By Michael E. Miller
By Allie Conti
By David Villano
By Jose D. Duran
By Michael E. Miller
By Allie Conti
By Kyle Swenson
By Luther Campbell
The quirkiest manifestation of all this is the street vendors who clog every Managua intersection. No one seems to know where they get their goods or how they determine that the capital's populace has a latent yen for Tummy-Trimmers.
"It's pretty strange," one American diplomat says. "It's like a shipment of stuff comes in from somewhere, and for a while you see it on every corner. A few weeks ago, everyone was selling screwdrivers. Then all of the sudden, all the screwdrivers were gone. Now the big thing is these small compressors that you can use to inflate a flat tire. I must have had three kids try to sell me one on the way in this morning."
Busting the Pinata
Not every new entrepreneur makes a go of it, of course, as the Sandinistas are learning. Most of the party's upper-echelon cadres are in their late thirties or early forties, and their job experience is pretty much limited to urban guerrilla skills and running a bloated government ministry. Those skills have limited application in the business world. A new Sandinista-backed airline that opened last year has already abandoned passenger service and is barely holding on in the cargo business. Their much-ballyhooed tourist resort (built at a beach estate they confiscated from Anastasio Somoza after toppling his government in 1979) is mostly empty. And their new TV station never went on the air because they couldn't sell any advertising. All the cameras and transmitting equipment are still sitting in their original cartons in a customs shed out at the airport. Businessmen can't conceal their glee.
"The Sandinistas have never been any good at producing things," one sniffed to me. "Their great talent has always been stealing things."
And, indeed, the airline, the resort, and the broadcasting enterprise were apparently financed in part with money looted from government bank accounts during the two-month transition period in 1990 between Violeta Chamorro's victory over Daniel Ortega and her inauguration as president. Those two months are known today as "the great pinata," after the candy-stuffed, papier-mache figures that children break open at parties.
And what a party it was! The outgoing Sandinistas pocketed everything that wasn't nailed down and a lot of stuff that was. They emptied a single Central Bank account of $24 million, equal to about 40 percent of all the currency in circulation in Nicaragua. The large villas confiscated by the government after the revolution were sold to individual party members for prices as low as $1000. So were immense coffee and cotton plantations and dozens of radio stations and movie theaters. Cars, tractors, photocopiers, typewriters, refrigerators, the Sandinistas took it all. They even sold themselves half an hour of time on the government TV station, every night for the next five years. The regular price would have been $9000 per night; the comandantes charged themselves $25 per night.
Among the few businesses to prosper under Sandinista direction were the movie theaters. Most of them were seized right after the revolution in 1979, and the Sandinista government operated them. There seemed to be little ideological content in programming; all through the war they continued to screen subtitled American movies, although as the government went bankrupt, the film selection got older and older.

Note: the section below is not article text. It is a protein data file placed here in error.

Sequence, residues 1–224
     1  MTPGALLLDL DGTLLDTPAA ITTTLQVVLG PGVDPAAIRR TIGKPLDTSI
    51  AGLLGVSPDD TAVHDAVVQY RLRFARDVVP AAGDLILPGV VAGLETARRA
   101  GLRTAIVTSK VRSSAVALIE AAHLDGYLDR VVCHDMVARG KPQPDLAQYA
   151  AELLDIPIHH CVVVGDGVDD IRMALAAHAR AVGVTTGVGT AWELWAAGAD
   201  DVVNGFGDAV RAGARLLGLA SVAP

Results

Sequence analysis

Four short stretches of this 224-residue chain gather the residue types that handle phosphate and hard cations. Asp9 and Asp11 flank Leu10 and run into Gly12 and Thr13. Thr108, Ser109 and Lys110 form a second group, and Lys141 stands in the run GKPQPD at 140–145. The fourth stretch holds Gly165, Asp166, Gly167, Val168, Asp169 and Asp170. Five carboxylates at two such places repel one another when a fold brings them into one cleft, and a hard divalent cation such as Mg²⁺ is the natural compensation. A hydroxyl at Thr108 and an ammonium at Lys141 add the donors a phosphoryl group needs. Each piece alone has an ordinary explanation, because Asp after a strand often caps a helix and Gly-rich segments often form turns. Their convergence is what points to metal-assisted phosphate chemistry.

Audiences didn't seem to mind that -- in fact, when one of the theaters got hold of an ancient print of Bogart and Bacall in To Have and Have Not in 1987, it did boffo box office for weeks. But they did mind that nothing that broke in the theaters ever got fixed. The popcorn and soft-drink machines went first. Then the air conditioning gave out, turning the buildings into sweltering hellholes. And the primordial projectors made every film look like it was shot in Cokebottlevision. The only thing that kept the theaters alive was that Sandinista television was so stupefyingly boring. At one point it was promoting (I swear to God I am not making this up) Bulgarian sitcoms.
But as television improved in the post-Sandinista era (well, relatively speaking; it now features Tour of Duty, Venezuelan soap operas, and The Wonder Years) and new videocassettes poured into the country, the movie theaters teetered on the brink of oblivion. Then, in a stroke of counterprogramming genius, they began screening soft-core porn. Now on any given night, most of Managua's dozen or so theaters are showing flicks titled Erotic Wives or something similar, and most of the theaters are full.
For the Sandinistas to be peddling porn is something of a role reversal; like most Marxist revolutionaries, they had a prudish streak, and most sexually oriented material was banned while they governed. (That didn't, however, stop Daniel Ortega from granting an interview to Penthouse in 1988. Sample question: "President Reagan once called Managua a `moral threat' to the hemisphere. Do you think it was because of your country's sexual freedom that he said that?" Ortega: "I don't think so.") Their new embrace of carnal matters has led to some strange political flip-flops.
For instance, Minister of Education Humberto Belli, a former newspaperman who fled Nicaragua in 1982 to escape Sandinista censorship, regularly denounces the porn films. (He's also concerned about the independent leftist Comic Weekly, a self-styled publication of "humor, Marxism, sex, and violence." The comic book frequently makes fun of the new cathedral the Catholic church is building in Managua, with pictures of priests kneeling before a cathedral cupola with a suspiciously phallic look to it.) Last month Belli called for the government to prohibit books and films that depict sex "as merely a pleasurable act."